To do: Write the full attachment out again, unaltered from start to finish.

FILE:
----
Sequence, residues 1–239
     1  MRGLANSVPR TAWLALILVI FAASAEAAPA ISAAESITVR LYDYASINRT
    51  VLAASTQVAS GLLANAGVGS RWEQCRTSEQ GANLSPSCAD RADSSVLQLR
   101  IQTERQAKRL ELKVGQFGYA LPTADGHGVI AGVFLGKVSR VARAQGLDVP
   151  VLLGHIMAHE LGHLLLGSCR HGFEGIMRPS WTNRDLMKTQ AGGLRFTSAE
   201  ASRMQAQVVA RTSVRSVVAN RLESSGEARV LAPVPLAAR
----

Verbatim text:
Sequence, residues 1–239
     1  MRGLANSVPR TAWLALILVI FAASAEAAPA ISAAESITVR LYDYASINRT
    51  VLAASTQVAS GLLANAGVGS RWEQCRTSEQ GANLSPSCAD RADSSVLQLR
   101  IQTERQAKRL ELKVGQFGYA LPTADGHGVI AGVFLGKVSR VARAQGLDVP
   151  VLLGHIMAHE LGHLLLGSCR HGFEGIMRPS WTNRDLMKTQ AGGLRFTSAE
   201  ASRMQAQVVA RTSVRSVVAN RLESSGEARV LAPVPLAAR